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Comparative Experience of Open and Minimally Invasive Esophagogastric Resection

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A minimally invasive approach to esophagogastric cancer resection offers an attractive alternative to traditional open surgery; however, concerns regarding feasibility, safety, cost, and outcomes have restricted widespread acceptance of these procedures. This study outlines our comparative experiences of both open and minimally invasive esophagectomy over a 4-year period.


Surgical outcomes were analyzed and compared between 30 consecutive patients who underwent open (Ivor Lewis) transthoracic esophagectomy (TTO) between January 2002 and December 2003 and 50 consecutive patients who underwent minimally invasive esophagectomy (MIO) from January 2004 to July 2006.


Inpatient mortality and overall surgical morbidity were identical for each cohort (TTO versus MIO: mortality 3% versus 2%; morbidity 50% versus 48%). Pulmonary-related complications were higher in the open series (23% versus 8%; p = 0.05). The incidence of gastric-conduit-related complications was similar between the two cohorts (13% versus 18%; p = 0.52). Survival at 1 and 2 years was 86% and 58% in the TTO group and 94% and 74% in the MIO group. No significant difference in calculated cost was observed (£7,017 versus £7,885).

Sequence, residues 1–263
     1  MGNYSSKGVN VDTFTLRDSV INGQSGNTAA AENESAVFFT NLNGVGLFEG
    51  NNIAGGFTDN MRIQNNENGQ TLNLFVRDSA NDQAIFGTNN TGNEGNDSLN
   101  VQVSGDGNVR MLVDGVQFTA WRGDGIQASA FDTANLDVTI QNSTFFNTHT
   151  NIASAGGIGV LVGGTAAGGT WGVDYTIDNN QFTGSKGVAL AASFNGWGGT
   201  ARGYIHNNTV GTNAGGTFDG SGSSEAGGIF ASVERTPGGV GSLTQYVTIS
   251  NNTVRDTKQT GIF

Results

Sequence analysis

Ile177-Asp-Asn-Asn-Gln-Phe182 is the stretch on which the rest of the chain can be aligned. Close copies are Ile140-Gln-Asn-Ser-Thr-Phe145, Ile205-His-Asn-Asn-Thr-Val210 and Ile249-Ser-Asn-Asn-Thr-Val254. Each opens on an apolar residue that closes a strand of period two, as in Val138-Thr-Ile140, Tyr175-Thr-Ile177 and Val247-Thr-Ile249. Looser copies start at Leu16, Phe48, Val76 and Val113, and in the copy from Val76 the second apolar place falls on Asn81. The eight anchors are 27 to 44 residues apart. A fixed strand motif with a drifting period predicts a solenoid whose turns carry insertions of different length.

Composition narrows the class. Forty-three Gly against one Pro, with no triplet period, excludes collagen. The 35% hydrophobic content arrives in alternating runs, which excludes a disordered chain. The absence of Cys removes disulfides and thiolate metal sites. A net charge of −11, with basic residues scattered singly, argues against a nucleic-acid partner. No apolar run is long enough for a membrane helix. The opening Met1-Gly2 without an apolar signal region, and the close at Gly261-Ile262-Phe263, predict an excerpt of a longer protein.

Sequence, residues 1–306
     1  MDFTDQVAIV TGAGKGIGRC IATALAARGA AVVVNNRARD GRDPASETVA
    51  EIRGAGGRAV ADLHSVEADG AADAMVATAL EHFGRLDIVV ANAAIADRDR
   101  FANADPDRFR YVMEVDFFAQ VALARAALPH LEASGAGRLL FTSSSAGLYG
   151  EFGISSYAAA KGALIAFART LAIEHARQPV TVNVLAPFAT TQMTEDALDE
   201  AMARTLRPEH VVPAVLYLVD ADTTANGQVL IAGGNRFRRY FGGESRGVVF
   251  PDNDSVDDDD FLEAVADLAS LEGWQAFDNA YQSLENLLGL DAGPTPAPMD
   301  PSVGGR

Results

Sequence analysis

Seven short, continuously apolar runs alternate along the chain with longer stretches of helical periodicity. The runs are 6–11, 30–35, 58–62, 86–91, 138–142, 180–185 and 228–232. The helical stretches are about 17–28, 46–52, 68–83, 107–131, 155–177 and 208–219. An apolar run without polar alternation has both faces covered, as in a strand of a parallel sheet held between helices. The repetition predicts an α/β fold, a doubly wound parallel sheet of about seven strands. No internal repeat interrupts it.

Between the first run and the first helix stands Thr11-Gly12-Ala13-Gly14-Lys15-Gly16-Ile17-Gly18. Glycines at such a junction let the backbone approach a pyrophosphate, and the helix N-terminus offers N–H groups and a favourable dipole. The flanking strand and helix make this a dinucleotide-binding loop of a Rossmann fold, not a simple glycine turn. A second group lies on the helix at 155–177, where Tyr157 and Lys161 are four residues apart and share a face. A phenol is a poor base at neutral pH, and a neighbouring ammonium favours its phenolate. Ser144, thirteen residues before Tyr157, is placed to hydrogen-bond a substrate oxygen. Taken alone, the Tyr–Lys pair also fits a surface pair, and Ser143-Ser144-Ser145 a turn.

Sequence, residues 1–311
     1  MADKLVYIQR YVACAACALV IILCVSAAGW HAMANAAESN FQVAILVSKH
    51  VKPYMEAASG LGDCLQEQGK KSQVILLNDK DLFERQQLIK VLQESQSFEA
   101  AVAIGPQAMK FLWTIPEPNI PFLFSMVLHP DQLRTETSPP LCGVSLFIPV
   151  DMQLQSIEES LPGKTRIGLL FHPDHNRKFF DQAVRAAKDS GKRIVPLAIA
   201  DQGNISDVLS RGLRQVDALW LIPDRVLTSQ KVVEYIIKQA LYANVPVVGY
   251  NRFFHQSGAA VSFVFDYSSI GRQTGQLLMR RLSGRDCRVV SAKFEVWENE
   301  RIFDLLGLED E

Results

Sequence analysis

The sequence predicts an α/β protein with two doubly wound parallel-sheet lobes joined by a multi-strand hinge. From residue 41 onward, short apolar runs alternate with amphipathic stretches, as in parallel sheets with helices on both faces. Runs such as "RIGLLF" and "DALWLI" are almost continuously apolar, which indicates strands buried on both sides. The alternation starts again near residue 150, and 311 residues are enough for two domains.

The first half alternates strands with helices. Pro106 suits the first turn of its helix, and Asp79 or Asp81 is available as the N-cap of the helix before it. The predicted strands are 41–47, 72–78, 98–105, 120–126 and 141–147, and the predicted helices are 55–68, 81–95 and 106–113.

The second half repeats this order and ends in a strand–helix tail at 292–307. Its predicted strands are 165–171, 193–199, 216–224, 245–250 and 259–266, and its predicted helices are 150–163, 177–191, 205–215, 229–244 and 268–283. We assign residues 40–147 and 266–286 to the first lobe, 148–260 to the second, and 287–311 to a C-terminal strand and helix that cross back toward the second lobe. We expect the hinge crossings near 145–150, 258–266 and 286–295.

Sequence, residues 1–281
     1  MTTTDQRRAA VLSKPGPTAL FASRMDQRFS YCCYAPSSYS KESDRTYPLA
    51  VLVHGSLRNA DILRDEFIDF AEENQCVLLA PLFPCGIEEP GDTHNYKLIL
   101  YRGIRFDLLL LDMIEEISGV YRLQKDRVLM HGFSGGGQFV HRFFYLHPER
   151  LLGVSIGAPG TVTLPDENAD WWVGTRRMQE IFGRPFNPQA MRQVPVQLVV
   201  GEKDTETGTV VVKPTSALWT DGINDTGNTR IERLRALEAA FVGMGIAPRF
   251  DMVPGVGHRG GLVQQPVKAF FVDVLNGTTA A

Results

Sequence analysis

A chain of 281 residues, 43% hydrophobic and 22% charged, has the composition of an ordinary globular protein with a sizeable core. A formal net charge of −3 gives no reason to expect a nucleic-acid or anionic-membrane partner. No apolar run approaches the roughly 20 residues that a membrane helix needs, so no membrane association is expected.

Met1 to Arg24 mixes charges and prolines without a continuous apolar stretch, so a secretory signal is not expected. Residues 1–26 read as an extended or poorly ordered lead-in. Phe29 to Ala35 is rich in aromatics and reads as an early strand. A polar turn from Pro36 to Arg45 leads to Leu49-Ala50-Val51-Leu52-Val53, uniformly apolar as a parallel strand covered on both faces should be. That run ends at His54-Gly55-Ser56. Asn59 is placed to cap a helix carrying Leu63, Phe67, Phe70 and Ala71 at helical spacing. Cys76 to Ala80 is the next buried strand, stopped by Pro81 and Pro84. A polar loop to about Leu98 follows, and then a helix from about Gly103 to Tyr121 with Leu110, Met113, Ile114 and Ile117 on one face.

Transition from open to minimally invasive techniques of esophagogastric resection for cancer is possible without compromising patient safety or incurring excessive financial expenses, and the minimally invasive procedure results in similar or potentially better outcomes.

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Correspondence to Shahjehan Wajed.

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Parameswaran, R., Veeramootoo, D., Krishnadas, R. et al. Comparative Experience of Open and Minimally Invasive Esophagogastric Resection. World J Surg 33, 1868–1875 (2009).

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